The first analysis, including all task conditions and the control condition, revealed one LV accounting for 36.32% of covariance in the data that was significant by permutation (p = 0.014). This LV differentiated neural activity engaged during the SpeNeut condition from a pattern of activation engaged during the SpeNeg condition of the task (Supplementary Fig. 1B). Specifically, significant differentiation was observed 3–6 s after stimulus onset. As seen in Supplementary Fig. 1A and Supplementary Table 1, SpeNeut word counting was associated with greater activation in the right frontal pole, middle frontal gyrus, inferior temporal gyrus, temporal pole, supramarginal gyrus, subcallosal cortex, and lateral occipital cortex. Left hemispheric peak activations were localised in the hippocampus, amygdala, and brain stem, while bilateral activation was observed in the middle temporal gyrus, precuneus, cingulate gyrus, thalamus, and putamen. Activation of this network was anti-correlated with activation of the body of the right caudate nucleus engaged uniquely during the SpeNeg word counting condition.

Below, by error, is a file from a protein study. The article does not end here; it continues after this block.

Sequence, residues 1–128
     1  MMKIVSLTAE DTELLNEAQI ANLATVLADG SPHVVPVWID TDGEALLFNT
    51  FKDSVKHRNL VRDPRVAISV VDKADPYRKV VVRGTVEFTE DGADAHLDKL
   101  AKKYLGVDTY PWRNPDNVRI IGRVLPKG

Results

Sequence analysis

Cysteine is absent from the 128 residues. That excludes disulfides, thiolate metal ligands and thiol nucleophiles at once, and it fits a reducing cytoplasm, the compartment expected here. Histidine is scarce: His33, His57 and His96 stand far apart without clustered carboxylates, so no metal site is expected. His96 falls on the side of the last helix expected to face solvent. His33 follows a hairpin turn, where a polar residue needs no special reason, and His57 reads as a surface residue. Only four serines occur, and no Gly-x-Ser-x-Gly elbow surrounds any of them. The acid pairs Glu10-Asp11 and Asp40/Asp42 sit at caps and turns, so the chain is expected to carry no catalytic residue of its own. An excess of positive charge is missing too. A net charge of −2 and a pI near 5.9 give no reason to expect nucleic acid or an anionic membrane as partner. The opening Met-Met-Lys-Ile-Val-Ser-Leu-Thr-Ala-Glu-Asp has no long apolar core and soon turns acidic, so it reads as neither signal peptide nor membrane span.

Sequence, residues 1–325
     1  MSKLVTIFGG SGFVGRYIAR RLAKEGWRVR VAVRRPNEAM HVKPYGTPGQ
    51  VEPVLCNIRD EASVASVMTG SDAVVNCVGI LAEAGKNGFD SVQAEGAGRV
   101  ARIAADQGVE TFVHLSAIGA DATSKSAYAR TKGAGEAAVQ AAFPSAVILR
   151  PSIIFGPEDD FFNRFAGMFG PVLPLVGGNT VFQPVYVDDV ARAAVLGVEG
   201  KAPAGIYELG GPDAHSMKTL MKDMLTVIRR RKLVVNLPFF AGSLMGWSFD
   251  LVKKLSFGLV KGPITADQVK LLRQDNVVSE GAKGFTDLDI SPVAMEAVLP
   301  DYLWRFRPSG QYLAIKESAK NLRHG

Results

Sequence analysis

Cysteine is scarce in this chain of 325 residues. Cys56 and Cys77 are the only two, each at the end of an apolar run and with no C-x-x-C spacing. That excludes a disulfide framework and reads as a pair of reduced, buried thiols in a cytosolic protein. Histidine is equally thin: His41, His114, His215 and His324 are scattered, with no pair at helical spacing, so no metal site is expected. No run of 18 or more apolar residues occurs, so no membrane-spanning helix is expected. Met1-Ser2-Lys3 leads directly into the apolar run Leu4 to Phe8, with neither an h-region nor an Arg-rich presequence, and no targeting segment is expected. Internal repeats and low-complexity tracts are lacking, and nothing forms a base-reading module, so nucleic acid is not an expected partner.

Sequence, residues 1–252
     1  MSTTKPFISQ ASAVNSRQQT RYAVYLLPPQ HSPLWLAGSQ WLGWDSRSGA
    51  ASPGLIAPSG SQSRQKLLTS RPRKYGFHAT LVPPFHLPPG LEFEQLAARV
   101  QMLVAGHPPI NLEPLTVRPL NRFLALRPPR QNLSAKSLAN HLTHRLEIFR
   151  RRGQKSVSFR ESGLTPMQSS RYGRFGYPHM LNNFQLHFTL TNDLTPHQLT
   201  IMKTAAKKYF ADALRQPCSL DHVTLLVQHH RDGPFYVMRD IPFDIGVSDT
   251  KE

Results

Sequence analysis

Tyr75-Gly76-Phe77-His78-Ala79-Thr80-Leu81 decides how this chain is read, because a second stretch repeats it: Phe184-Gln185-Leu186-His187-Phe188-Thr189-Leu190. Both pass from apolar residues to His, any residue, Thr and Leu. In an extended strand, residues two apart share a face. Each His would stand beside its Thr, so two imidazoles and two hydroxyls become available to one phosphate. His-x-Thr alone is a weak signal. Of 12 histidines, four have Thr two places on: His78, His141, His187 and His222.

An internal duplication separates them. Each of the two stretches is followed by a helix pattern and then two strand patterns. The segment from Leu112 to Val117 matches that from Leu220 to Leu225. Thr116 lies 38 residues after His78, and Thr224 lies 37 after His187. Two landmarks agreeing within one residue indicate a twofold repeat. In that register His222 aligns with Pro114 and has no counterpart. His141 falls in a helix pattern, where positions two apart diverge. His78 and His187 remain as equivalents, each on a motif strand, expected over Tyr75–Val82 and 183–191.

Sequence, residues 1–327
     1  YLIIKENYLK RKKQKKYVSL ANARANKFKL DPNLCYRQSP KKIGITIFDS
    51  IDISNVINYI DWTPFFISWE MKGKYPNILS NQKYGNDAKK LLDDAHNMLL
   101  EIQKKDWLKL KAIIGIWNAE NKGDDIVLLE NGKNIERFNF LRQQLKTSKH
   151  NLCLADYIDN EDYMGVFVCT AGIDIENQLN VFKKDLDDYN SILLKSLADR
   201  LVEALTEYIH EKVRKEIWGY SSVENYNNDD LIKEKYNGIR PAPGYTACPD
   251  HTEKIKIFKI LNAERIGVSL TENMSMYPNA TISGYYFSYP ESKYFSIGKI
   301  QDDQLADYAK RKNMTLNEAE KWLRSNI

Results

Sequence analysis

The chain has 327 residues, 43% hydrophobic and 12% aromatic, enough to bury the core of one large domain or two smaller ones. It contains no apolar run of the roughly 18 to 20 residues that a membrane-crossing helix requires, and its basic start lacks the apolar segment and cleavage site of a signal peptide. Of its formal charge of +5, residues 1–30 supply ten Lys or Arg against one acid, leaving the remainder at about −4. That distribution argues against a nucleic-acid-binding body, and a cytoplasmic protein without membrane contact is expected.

PLS defines a set of mutually orthogonal LVs meaning that no two LVs can correlate with one another and variance assigned to one LV will not be included in the results of subsequent LVs. Because the first analysis accounted for so much of the variance associated with the SpeNeg condition, effects relating to the differences between general and specific word types, may not have been detected. With the aim of assessing the relationship between the GenNeg and SpeNeg task conditions, a second PLS analysis was conducted, excluding the SpeNeut condition. By excluding the SpeNeut condition variance associated with the SpeNeg condition was redistributed.

This second analysis yielded a significant LV that accounted for 42.06% of covariance in the data (p = 0.032). Two peaks of activation were observed in the spatiotemporal pattern of activation (Fig. 1C). The first peak occurred 3–6 s after stimulus onset and corresponded to a common pattern of activation for general and specific negative words. Early activation during negative word counting was associated with greater activation in the left orbitofrontal cortex (OFC), middle and superior temporal gyri, precuneus, and cuneus. Two large clusters of activation were also detected in the bilateral occipital poles (peak) which extended bilaterally to the superior and inferior portions of the lateral occipital cortices, lingual gyrus and fusiform gyrus. Negative word counting was also associated with reduced activation in the bilateral thalamus and right; superior frontal gyrus (extending to middle frontal gyrus), precentral gyrus, cingulate gyrus, and angular gyrus (Fig. 1A, Table 2A).

Fig. 1: Neural correlates of emotional interference.
figure 1